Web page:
Grapevine: The Dilemma of the Sulfite-Allergic Wine Consumer

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Nick Antonaccio
Nick Antonaccio

“Contains sulfites.”

This government-mandated label appears on every bottle of wine sold in the United States.

“I’m allergic to sulfites.”

“Every time I drink white wine I get a headache.”

These plaintive cries are on the lips of many wine drinkers in the United States.

And so the debate over the effects of sulfites continues amongst wine drinkers and producers. Allow me to clarify the debate over sulfites and offer a recently announced possible solution.

Sulfites occur naturally in wines as a byproduct of fermentation. By definition, all wines contain sulfites. So why the label? And why do consumers read the label as a warning, not simply as an ingredient in wine?

For centuries, winemakers have been adding supplemental, natural sulfites to their wines in order to preserve the freshness from bottling to consumption. In general, this is a good thing.

In the 1970s, salad bars began to proliferate in the United States. Lettuce and other perishable vegetables at the bars were sprayed with high doses of sulfites to prevent wilting. In its infinite wisdom, and penchant for overkill, the federal government reacted to several hundred consumer complaints of adverse reactions to salad bar fare. In 1988, it mandated sulfite labeling on certain products, including wine; the logic being that such notification would aid those allergic to avoid such products.

The underlying facts are that less than 1% of Americans are allergic to sulfites. That is unfortunate for those afflicted, yet among foods containing sulfite additives, wine is on the low end of the scale. Bacon contains approximately 600 ppm (parts per million; equivalent to one milligram per liter), raisins and dried apricots over 1,000 ppm.

All of these concerns notwithstanding, the science behind sulfite additives is clear. Levels up to 40 ppm occur naturally. Any levels above 10 ppm require government labeling – a very narrow band for compliance. The average levels are 150 ppm – or less. No label is required if sulfite levels are less than 1 ppm; very few wines do not display the sulfite label.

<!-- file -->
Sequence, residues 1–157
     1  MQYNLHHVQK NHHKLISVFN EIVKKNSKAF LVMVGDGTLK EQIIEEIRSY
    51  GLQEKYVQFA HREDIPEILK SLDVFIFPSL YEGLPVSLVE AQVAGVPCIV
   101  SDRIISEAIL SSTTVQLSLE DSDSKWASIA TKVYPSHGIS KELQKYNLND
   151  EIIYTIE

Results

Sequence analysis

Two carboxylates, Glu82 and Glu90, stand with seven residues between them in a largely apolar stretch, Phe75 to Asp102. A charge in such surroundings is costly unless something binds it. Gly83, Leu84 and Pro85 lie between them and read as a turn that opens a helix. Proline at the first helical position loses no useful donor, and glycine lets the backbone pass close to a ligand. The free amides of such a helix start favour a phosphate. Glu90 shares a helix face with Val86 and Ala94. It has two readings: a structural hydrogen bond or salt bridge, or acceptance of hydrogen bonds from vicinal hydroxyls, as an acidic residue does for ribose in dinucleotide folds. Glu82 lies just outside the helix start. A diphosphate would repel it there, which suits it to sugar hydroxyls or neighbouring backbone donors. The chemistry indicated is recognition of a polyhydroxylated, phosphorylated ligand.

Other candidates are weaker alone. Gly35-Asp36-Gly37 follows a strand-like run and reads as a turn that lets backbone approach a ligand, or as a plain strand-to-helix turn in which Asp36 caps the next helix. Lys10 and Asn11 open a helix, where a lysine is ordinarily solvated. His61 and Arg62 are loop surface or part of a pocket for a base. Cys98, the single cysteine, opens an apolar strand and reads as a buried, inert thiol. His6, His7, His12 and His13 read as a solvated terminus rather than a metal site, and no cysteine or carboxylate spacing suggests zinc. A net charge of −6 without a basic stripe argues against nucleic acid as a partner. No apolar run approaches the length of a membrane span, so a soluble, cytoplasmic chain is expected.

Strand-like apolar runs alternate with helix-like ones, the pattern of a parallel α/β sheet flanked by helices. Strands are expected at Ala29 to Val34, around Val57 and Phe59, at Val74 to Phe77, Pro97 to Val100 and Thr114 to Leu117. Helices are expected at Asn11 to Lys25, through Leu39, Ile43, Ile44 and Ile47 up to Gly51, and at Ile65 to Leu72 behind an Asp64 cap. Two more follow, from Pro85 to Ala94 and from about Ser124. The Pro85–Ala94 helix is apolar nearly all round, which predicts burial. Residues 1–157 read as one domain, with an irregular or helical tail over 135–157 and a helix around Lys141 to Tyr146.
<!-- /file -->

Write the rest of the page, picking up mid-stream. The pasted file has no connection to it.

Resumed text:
The European Union has no labeling requirements regarding sulfites. Hence the lack of labels on wines sold domestically in Europe. Secondly, since many of these wines are consumed shortly after production and bottling, naturally occurring sulfites may not be supplemented  as readily for preservation as they are in in the United States. Many American travelers returning from Europe marvel at the “freshness” of the Italian, French and Spanish wines they consumed.

So how to deal with sulfite additives? Suffer through them? Never drink white wine again (or red for those highly sensitive)?

A logical solution would be to remove them from a bottle of wine once it is sold. However, no one has thought to pursue this feat – until recently.

I recently came upon a fund-raising campaign at the crowdfunding website Kickstarter. A Chicago entrepreneur, James Kornacki, is seeking funding for a sulfite filter. His pledge page describes the product: “Üllo is a revolutionary new wine purification product that removes sulfites, restoring wine to its natural, preservative-free state.”

Just place the filter over a glass or decanter and pour the wine through.

The Üllo system uses “a porous, food-grade polymer filter to selectively remove sulfites, while allowing the other compounds in the wine to flow through unaffected. Through Selective Sulfite Capture™, Üllo maintains the original flavor and character of the wine while reducing sulfites to a more naturally occurring level of less than 10 ppm.”

His goal is $100,000. To date he has nearly 1,200 backers who have pledged over $128,000. For a minimum pledge of $60, a backer can receive one purifier, base and five filters (each with a six-month useful life). Deliveries are projected to begin next February.

A sulfite-allergic consumer’s dream come true? Or just another alluring product doomed for failure? Are you ready to jump on the pre-release bandwagon? There’s still time to pledge. If successful, it has the potential of ending the plight of millions of consumers – whether that plight is physical or psychological.

 Nick Antonaccio is a 40-year Pleasantville resident. For over 20 years he has conducted numerous wine tastings and lectures. He also offers personalized wine tastings and wine travel services. Nick’s credo: continuous experimenting results in instinctive behavior. You can reach him at or on Twitter @sharingwine


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